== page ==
Why We Need Art in Times of Sorrow
September 8, 2017 Jessica 0 Comments
Over the past few months, mankind has witnessed or personally experienced multiple tragedies and disasters. Many of these happenings were senseless and totally avoidable. This leaves all of us, victims as well as onlookers, in a state of shock and grief. We are, in a word, sorrowful. There is no cure for grief, but there is something that soothes us in the midst of the storm: art.
We Need Art in Times of Sorrow
In times of sorrow, people need art more than ever. Why? Because art is beauty, and beauty heals. Beauty can be a lifeline to those who are despairing. Victims of the Holocaust are prime examples of individuals who relied on beauty to get them through the impossible. In atmospheres of extreme persecution and even torture, these individuals used whatever materials they could get their hands on to create art. That art inspired something in them and their fellow prisoners that could not be stolen: hope. Author Julia Cameron expressed this sentiment well:
“(Creating) art always gives us the ability to move out of the victim position…Holocaust victims scratched butterflies on the walls of concentration camps. That assertive creative act spoke plainly: ‘You cannot kill my spirit.’ At its core, art is triumphant.”
Art Cries, “Everything Will Be Alright!”
Sometimes, a piece of art doesn’t communicate an intricate, grandiose idea or message. Very often, art simply whispers to us that everything will be alright. This is why people adorn their homes, especially rooms that they spend the most time in, with images that inspire or soothe them. It is unarguable that art really does soothe the troubled soul.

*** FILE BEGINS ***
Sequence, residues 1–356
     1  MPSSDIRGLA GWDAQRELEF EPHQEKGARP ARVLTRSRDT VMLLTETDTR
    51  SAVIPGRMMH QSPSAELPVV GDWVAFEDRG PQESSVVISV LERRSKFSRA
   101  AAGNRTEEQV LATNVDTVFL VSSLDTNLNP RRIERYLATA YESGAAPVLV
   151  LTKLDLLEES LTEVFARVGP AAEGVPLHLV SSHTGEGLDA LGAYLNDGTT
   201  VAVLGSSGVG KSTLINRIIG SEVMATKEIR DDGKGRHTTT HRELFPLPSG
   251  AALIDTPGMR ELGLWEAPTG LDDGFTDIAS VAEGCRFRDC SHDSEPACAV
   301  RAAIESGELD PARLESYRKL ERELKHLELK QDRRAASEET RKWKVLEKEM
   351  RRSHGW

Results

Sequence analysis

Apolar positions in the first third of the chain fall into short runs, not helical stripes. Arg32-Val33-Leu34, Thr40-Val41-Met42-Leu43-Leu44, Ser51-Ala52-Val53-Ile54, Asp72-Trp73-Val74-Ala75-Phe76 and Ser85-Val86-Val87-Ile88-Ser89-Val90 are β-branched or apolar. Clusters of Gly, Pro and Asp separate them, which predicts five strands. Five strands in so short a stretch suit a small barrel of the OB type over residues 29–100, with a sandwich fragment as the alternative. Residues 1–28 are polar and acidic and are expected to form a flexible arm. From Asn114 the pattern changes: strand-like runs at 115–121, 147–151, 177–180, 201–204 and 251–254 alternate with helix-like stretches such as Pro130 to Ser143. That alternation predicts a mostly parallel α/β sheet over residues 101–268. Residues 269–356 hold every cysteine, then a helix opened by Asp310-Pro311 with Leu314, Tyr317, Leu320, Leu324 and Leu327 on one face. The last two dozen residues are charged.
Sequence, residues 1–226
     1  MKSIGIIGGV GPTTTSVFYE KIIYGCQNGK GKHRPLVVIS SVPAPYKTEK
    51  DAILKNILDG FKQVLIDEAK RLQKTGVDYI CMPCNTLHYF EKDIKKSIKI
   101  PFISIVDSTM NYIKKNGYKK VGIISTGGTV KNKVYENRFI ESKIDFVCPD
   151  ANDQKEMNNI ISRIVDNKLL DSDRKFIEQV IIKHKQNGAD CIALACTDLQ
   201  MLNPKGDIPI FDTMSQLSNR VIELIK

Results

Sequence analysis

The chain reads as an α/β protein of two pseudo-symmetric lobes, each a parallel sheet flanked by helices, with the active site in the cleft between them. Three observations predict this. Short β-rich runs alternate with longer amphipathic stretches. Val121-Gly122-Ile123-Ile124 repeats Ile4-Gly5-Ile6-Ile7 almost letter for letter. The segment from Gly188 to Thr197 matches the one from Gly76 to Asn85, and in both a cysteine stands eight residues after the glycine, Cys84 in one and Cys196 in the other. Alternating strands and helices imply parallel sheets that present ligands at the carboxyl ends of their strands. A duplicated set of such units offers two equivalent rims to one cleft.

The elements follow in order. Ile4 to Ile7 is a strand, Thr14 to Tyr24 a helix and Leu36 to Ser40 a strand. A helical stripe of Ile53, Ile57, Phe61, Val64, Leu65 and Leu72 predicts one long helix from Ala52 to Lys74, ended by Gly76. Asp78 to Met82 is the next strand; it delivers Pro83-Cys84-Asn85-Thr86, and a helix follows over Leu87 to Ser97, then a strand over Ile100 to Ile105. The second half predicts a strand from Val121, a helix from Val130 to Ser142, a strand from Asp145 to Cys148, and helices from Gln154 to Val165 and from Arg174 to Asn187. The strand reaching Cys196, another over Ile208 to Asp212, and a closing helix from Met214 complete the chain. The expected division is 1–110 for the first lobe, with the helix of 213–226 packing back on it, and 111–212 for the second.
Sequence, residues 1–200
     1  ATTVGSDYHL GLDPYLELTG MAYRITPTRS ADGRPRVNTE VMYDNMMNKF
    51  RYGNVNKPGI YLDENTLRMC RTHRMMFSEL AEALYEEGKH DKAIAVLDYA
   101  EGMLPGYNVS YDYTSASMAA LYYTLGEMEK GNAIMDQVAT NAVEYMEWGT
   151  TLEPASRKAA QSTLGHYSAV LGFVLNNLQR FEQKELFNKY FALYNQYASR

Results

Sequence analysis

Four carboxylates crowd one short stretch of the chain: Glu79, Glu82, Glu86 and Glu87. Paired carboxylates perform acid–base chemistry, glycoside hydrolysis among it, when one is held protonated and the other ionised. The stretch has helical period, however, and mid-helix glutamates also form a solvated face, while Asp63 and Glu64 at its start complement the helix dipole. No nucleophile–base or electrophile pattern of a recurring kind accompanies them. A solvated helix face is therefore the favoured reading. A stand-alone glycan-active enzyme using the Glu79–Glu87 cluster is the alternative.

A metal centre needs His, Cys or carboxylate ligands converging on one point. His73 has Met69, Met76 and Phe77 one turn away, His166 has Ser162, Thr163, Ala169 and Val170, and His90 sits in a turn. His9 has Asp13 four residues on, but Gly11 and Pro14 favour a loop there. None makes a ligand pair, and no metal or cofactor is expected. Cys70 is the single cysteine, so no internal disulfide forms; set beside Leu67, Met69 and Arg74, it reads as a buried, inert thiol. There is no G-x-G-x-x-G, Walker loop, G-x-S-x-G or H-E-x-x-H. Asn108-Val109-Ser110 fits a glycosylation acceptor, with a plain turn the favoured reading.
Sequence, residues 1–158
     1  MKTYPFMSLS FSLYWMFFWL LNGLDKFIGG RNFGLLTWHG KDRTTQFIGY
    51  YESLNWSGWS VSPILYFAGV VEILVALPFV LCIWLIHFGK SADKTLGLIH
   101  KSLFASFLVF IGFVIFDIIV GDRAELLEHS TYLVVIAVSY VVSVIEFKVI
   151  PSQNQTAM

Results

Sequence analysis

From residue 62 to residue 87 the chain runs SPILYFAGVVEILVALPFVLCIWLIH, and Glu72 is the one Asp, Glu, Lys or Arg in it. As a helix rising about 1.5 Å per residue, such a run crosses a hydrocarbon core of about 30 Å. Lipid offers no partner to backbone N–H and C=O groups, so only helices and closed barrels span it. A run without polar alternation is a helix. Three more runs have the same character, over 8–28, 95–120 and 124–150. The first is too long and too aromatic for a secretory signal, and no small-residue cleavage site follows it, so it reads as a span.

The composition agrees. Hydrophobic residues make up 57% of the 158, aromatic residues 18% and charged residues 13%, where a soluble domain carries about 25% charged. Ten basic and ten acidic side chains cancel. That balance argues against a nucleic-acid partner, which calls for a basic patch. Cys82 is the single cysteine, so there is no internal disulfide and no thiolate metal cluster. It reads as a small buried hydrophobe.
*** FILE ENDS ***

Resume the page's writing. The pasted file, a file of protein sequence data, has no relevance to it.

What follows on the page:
Why Art Makes Us Feel Better
There is no denying that viewing art (murals, sculptures, paintings, etc.) makes us feel better. However, making art can be even more therapeutic, giving us an outlet to express our emotions when words fail us. British magazine Psychologies published an article titled Why painting and art can make you happy that explained how making art lowers cortisol, the stress hormone that skyrockets during times of sorrow and trauma. Additionally, the Huffington Post stated,
“…new research — and a new public television documentary — make a strong case that engagement with music, dance, and other arts may be just as powerful for preserving mental health and acuity throughout our lives.”
Both viewing and making art is essential to our well-being, especially when tragedy strikes.
As Julia Cameron said, art is triumphant, a preserver of the human spirit. At this socially and politically volatile moment in time, we all need access to a little more art. We need beauty, we need hope, we need strength and nurturance and soothing. Thankfully, art offers each and every one of us all of those things.
What piece or type of art most inspires and strengthens you?
* Leo Haas was a Holocaust artist who survived Theresienstadt and Auschwitz.
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